A man journeys to an island that is home to a cult in an attempt to rescue his sister.
Gareth Evans, the director of this film, first caught my attention with his Indonesian action movies “The Raid” and “The Raid 2”; two films I would argue are among the best action films made in the last decade. This film is nothing like Evans’ action series, though it maintains the viscerally brutal nature that he displayed in his earlier films. “Apostle” is far darker; it’s a straight up horror movie- one that starts slowly, ramping up the tension and creating atmosphere until it suddenly shifts tone and becomes a harrowing journey through hell. This movie is not at all for the faint of heart; it has a scene that I would consider to be in the top five most messed up things I saw this year, but it is incredibly well-crafted, and there are times when it’s nigh impossible to look away. This movie shows that Evans is capable of some awesome things, and I honestly can’t wait to see more from him.
“Beware false prophets that come to you in sheep’s clothing…”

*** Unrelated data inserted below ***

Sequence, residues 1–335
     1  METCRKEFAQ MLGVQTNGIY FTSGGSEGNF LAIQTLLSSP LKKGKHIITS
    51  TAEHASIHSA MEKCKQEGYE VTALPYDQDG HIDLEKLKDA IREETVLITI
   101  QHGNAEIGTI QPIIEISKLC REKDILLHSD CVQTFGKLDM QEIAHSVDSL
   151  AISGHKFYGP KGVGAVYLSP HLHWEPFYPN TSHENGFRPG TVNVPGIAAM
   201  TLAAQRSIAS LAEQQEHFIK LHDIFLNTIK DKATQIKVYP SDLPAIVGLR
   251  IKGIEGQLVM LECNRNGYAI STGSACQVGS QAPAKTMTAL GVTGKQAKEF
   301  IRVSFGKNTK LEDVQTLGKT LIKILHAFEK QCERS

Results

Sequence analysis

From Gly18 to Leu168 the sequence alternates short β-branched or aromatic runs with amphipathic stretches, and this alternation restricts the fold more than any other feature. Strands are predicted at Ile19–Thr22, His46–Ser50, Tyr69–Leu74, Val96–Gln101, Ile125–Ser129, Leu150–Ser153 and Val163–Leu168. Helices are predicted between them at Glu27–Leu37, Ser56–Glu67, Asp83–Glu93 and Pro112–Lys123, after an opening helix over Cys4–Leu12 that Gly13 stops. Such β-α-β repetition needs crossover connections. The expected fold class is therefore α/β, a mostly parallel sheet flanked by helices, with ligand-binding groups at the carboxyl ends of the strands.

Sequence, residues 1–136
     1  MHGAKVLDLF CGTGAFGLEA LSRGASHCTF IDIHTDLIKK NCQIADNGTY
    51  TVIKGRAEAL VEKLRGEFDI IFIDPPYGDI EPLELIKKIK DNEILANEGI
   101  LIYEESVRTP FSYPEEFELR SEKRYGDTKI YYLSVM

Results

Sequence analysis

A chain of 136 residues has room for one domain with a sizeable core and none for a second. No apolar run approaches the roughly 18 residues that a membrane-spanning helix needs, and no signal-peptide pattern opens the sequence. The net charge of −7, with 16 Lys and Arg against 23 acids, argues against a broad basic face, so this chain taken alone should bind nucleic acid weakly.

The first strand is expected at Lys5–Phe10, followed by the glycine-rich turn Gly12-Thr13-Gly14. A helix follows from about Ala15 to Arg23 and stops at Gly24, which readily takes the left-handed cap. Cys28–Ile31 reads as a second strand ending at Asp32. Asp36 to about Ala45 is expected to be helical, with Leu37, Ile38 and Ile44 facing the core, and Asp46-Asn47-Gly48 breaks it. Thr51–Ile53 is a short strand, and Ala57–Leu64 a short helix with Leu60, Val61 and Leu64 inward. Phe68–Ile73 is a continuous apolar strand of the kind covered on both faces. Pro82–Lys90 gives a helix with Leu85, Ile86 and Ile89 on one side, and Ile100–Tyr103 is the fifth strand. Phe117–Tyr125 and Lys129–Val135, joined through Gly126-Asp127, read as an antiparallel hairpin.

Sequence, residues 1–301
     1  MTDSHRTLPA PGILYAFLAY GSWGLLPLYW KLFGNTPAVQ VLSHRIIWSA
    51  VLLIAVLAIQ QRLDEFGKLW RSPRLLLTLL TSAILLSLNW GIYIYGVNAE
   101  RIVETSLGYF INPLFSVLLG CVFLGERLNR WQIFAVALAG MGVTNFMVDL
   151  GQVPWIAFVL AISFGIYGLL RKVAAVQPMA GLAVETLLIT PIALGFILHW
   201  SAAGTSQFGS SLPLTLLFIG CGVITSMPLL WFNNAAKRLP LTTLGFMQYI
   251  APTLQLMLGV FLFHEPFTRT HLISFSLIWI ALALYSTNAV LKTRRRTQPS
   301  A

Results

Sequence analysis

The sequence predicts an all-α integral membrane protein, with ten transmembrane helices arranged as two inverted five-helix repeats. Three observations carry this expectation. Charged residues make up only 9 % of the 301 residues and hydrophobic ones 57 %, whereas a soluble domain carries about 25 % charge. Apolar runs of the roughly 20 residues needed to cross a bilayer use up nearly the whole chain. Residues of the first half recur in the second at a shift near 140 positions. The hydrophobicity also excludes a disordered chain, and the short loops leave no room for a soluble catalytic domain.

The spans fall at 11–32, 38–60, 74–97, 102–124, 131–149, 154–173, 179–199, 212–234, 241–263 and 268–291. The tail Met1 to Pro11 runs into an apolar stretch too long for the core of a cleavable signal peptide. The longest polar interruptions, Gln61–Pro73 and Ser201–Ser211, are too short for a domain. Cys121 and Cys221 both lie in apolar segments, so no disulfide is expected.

After receiving a ransom letter from his missing sister, Thomas Richardson (Dan Stevens, “The Guest”) travels to an isolated island that is home to a cult led by the mysterious Prophet Malcolm (Michael Sheen, “Underworld”). Unable to immediately locate her, Thomas assumes a disguise and wanders among the cult, trying to remain undetected, while also uncovering the secrets of the island.
I’m going to say straight away that I will try vehemently to avoid giving any kind of spoilers for this film. If you haven’t seen the trailer yet, don’t watch it. Ninety percent of the fun of this film comes from not knowing what’s going to happen next, and being in the dark about the rituals and ways of this cult.